Don’t just think it – Ink It!

Hi Team,

I posted some of this information on my personal and business facebook page, but I judge it is worth reposting here. I picked up a copy of a book called “Where will you be five years from today?”

Here is excerpt from page on goals.

A goal is a dream set to paper. Don’t just think it – ink it!

  • 80% of Americans say they don’t have goals.
  • 16% do have goals, but they don’t write them down.
  • Less than 4% write down their goals, and
  • fewer than 1% actually review them on an ongoing basis.
Here is a tip sheet to download – Goal Setting and Achieving

New Research Study Supports Written Goals and Accountability.

Also found some interesting tips on goal setting and a recent study done at Dominican University that showed that people with written goals do achieve higher success than those that don’t write their goals down. When an accountability element was added they achieved at an even higher rate.

Participants were randomly assigned to one of 5 conditions (groups):
Group 1- Unwritten Goal;
Group 2- Written Goal;
Group 3- Written Goal & Action Commitments;
Group 4- Written Goal, Action Commitments to a Friend;
Group 5- Written Goal, Action Commitments & Progress Reports to a Friend.

Conclusions:

1. The positive effect of accountability was supported: those who sent weekly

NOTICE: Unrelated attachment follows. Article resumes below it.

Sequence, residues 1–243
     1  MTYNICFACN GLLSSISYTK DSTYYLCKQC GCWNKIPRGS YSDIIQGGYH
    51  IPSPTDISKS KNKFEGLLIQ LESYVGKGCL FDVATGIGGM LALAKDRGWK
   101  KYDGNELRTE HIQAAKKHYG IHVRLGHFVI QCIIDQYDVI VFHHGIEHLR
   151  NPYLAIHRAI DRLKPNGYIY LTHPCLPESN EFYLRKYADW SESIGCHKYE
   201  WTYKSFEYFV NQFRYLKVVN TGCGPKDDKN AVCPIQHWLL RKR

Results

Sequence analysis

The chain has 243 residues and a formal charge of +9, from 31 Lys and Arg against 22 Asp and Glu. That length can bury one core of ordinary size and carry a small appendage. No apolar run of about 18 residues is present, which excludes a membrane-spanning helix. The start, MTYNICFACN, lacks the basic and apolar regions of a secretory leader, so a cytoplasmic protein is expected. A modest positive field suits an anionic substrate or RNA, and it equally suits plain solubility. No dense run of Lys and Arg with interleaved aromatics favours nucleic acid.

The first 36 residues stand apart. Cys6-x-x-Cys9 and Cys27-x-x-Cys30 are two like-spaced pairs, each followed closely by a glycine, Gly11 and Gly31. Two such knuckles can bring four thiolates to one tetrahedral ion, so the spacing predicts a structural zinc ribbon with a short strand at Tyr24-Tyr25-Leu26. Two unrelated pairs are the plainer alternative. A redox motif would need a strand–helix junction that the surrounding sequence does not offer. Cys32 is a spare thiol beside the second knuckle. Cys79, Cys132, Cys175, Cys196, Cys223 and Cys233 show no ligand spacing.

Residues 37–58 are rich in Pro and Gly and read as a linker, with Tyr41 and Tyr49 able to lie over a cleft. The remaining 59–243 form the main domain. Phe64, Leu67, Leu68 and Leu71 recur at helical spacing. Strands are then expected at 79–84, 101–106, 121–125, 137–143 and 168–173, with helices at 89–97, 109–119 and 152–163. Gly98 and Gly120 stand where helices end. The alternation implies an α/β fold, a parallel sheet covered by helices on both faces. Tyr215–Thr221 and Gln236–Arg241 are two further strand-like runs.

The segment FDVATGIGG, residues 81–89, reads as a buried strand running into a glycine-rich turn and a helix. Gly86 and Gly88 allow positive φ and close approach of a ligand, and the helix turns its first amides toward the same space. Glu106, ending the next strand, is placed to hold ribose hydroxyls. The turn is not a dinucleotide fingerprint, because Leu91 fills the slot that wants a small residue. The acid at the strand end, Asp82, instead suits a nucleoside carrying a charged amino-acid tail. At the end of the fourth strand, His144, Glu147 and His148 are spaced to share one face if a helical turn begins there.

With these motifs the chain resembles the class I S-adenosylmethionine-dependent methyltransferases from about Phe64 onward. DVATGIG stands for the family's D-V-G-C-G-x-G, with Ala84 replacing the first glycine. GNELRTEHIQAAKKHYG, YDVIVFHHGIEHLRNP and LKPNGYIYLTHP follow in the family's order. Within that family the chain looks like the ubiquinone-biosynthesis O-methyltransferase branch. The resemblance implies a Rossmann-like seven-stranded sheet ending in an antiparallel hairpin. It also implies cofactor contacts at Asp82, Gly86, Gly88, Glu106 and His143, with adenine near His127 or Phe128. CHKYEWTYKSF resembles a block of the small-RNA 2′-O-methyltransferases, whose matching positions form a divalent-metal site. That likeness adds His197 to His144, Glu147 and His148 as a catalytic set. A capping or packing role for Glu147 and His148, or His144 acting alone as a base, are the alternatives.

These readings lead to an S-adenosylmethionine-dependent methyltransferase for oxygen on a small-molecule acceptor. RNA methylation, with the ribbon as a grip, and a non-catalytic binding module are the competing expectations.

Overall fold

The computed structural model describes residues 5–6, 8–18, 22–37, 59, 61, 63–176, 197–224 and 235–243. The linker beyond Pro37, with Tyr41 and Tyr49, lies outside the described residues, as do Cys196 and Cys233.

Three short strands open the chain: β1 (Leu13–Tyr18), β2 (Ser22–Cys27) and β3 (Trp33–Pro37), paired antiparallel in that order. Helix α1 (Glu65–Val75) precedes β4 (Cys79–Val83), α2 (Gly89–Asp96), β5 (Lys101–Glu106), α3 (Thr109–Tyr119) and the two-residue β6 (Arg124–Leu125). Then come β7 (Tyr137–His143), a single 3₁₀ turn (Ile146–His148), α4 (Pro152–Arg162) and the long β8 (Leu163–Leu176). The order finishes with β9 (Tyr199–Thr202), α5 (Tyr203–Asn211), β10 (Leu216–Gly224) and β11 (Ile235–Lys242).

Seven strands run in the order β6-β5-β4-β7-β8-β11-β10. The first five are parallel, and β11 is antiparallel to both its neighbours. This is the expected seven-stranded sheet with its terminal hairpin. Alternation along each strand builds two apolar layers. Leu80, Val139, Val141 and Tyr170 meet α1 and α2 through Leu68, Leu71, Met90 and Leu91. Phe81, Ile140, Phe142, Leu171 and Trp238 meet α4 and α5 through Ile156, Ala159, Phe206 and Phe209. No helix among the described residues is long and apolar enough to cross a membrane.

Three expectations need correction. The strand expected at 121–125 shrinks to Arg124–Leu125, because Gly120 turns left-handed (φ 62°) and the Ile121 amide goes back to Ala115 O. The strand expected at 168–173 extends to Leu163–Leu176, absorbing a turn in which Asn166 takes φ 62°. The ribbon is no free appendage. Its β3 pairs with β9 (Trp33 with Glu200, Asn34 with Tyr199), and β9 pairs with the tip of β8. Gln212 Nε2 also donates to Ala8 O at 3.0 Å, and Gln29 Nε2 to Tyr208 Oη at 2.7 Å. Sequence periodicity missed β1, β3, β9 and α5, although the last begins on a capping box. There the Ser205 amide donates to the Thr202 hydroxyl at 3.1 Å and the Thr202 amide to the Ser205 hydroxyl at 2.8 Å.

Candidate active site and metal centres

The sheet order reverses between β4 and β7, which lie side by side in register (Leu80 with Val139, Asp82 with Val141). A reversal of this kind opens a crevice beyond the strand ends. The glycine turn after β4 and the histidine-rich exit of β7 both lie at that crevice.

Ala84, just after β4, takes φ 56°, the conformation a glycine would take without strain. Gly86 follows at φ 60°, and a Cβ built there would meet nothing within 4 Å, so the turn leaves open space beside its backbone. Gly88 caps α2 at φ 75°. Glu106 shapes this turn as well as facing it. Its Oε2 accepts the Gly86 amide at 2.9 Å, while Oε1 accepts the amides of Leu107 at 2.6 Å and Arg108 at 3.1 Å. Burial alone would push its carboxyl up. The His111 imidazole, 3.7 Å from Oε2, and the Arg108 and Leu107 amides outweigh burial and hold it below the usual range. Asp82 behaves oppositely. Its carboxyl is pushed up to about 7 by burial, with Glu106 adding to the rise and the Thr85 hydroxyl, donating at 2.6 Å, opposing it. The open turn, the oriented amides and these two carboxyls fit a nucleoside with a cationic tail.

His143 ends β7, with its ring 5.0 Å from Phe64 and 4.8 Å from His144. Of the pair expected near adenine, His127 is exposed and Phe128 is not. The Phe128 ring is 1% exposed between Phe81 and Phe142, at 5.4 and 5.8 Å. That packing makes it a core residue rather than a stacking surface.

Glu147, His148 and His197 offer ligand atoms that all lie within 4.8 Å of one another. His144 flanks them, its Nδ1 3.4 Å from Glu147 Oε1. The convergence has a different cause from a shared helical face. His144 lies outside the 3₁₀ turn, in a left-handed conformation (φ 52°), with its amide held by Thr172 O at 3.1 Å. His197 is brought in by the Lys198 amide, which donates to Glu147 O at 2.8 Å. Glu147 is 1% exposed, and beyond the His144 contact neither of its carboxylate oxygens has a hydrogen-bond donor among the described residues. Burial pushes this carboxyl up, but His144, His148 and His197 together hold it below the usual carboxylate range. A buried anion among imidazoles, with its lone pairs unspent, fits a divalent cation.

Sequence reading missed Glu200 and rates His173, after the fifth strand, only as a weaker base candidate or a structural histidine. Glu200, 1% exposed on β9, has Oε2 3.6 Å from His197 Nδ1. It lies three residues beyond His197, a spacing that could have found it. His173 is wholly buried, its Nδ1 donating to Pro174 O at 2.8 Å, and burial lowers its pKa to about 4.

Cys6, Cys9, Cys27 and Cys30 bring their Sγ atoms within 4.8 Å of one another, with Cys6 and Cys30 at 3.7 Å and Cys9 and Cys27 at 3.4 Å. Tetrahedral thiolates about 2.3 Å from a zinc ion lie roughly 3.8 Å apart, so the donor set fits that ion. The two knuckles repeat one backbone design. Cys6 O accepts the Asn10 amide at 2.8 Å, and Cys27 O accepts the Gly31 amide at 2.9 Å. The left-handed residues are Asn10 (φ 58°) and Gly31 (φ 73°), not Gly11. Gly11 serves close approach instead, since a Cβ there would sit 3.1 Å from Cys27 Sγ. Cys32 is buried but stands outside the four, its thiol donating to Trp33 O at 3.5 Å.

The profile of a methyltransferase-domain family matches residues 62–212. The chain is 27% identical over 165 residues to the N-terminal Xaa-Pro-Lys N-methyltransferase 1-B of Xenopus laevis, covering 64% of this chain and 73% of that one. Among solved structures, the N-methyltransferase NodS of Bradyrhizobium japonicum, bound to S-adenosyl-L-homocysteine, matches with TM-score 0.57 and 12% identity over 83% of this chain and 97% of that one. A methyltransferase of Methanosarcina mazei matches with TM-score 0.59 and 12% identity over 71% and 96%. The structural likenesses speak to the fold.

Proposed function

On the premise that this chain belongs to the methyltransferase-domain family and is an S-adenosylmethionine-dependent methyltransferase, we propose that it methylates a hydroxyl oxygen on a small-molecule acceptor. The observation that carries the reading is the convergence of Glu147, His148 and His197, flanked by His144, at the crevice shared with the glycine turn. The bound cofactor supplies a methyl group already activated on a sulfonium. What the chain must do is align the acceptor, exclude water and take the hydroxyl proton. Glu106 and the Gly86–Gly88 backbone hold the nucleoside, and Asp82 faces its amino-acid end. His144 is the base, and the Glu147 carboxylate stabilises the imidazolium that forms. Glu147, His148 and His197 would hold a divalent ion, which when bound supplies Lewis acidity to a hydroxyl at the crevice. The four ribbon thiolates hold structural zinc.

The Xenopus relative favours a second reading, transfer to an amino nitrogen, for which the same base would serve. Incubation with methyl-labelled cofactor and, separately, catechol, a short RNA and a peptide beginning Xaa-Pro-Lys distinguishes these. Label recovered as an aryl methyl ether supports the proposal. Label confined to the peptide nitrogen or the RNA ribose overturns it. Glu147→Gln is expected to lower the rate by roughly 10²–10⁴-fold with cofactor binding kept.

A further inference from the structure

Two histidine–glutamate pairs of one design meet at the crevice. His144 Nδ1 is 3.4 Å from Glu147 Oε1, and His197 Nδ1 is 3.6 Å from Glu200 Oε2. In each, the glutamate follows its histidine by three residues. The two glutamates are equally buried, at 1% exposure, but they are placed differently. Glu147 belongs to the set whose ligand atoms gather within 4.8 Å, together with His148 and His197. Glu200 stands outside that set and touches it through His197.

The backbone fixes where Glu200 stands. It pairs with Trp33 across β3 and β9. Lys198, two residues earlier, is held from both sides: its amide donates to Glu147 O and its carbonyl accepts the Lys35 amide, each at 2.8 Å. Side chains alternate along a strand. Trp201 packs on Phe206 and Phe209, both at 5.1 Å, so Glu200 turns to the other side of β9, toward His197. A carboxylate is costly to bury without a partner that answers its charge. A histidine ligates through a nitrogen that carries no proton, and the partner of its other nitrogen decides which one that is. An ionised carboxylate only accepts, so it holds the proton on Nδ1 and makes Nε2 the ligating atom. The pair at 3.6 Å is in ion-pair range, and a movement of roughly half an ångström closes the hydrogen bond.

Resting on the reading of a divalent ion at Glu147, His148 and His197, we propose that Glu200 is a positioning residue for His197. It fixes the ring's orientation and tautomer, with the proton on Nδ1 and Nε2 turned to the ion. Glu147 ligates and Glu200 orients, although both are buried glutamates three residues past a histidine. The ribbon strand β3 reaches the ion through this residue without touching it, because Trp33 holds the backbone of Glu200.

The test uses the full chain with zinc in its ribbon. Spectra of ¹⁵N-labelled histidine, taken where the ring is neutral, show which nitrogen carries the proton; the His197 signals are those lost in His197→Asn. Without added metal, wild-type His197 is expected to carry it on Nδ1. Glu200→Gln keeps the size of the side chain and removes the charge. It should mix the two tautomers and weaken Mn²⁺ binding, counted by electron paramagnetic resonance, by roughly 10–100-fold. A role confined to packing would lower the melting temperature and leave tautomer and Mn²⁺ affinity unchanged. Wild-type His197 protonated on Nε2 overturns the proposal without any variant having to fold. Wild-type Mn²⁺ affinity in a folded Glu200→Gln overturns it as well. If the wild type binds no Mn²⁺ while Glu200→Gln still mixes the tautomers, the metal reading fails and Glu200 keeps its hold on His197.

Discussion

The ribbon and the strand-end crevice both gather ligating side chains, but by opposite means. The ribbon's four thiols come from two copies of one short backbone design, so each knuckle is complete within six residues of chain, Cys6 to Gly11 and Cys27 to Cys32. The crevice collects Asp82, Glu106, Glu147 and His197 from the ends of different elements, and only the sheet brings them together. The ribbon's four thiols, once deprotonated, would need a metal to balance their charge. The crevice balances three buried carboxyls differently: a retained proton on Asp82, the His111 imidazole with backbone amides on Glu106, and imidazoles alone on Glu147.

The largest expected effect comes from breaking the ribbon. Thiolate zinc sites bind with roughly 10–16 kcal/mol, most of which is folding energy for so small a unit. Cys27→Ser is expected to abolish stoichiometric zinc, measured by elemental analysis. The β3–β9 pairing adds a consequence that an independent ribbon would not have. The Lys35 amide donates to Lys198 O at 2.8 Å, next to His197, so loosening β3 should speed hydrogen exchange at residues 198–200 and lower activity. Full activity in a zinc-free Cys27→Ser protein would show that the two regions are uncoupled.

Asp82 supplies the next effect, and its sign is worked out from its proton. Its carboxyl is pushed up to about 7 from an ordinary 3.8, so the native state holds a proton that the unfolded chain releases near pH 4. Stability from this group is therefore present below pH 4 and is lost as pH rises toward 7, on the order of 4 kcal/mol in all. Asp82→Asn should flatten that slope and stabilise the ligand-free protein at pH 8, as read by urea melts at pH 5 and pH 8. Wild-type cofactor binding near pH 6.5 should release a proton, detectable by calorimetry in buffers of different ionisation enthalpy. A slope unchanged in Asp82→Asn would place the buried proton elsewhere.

progress reports to their friend accomplished significantly more than those who

had unwritten goals, wrote their goals, formulated action commitments or sent

those action commitments to a friend.

2. There was support for the role of public commitment: those who sent their

commitments to a friend accomplished significantly more than those who wrote

action commitments or did not write their goals.

3. The positive effect of written goals was supported: Those who wrote their goals

accomplished significantly more than those who did not write their goals.

With the proliferation of business and personal coaching and the often anecdotal

reports of coaching success it is important that this growing profession be

founded on sound scientific research.

· This study provides empirical evidence for the effectiveness of three

coaching tools: accountability, commitment and writing down one’s

goals.


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